The Speaker of the House of Representatives, Femi Gbajabiamila, said on Monday he would never be part of any bill to gag the media in Nigeria.
He said though the Nigerian constitution guarantees freedom of speech and expression, it is however, not absolute because the government also has a duty to perform under the law to ensure good governance in the country.
Two bills seeking the amendment of the Nigerian Press Council (NPC) and the National Broadcasting Commission (NBC) are currently in the lower legislative chambers.
The bills which were sponsored by a member of the House, Segun Odebunmi, are aimed at regulating the operations of the media in Nigeria.
Gbajabiamila said: “Let me say this. I will not be part of any bill that will seek to gag the press. I want to say it loud and clear if that will be of any consolation. No bill will come to the floor of the House that seeks to gag the press because the press is supposed to be the voice of the people.
“However, I hold very strongly to the view that there is press freedom and there is freedom of expression. There has always been and there will always be. But what we call freedom of expression; and I think it is important to listen to one another, understand each other so that we can make progress as a nation.
“There is nowhere in the world where freedom of expression is absolute. Freedom of expression is limited to the extent that it does not affect the other person’s freedom. Freedom of expression is not absolute and that is made abundantly clear in the constitution itself.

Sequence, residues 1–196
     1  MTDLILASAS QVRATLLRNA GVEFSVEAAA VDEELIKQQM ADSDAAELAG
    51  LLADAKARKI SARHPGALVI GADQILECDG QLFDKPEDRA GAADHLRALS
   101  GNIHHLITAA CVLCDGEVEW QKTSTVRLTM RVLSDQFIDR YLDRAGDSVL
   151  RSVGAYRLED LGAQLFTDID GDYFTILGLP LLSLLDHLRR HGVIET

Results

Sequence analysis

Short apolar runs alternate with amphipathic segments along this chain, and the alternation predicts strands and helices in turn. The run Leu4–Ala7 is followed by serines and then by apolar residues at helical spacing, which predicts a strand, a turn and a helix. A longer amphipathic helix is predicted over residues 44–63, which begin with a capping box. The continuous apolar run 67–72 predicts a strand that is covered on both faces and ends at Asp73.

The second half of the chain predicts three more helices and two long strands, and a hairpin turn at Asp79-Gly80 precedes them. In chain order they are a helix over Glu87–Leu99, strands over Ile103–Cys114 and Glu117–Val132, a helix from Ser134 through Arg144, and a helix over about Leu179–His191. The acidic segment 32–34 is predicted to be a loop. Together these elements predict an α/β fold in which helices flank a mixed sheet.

“If you go to section 45 of our constitution, it tells you how the government is allowed to limit that freedom for the sake of health and security, and this is written in black and white. Whilst I will not allow the gagging of the press, I worry when at every time when the National Assembly tries to promulgate a law with the best of intention, everybody descends on the National Assembly.
“For some, it is an immediate reaction, some just jump on the bandwagon without knowing the details or the issues.
“I am using this Press Council bill as an example. I called the proponent of the bill and ask him, what is going on, what have you done, and what is in this bill. He tried to break it down. I have not read it myself and I will confess to that. But I will read it in detail in the next couple of days.
“I just have a general idea of the content. He told me that he had a meeting with all the stakeholders. I wasn’t present at the meeting, he said what they wanted was not acceptable to him. Whatever provisions they have a problem with the bill; whatever provisions that are in that bill that is inimical to the operations of the press, remove it and replace it with something else so that everybody will be happy.”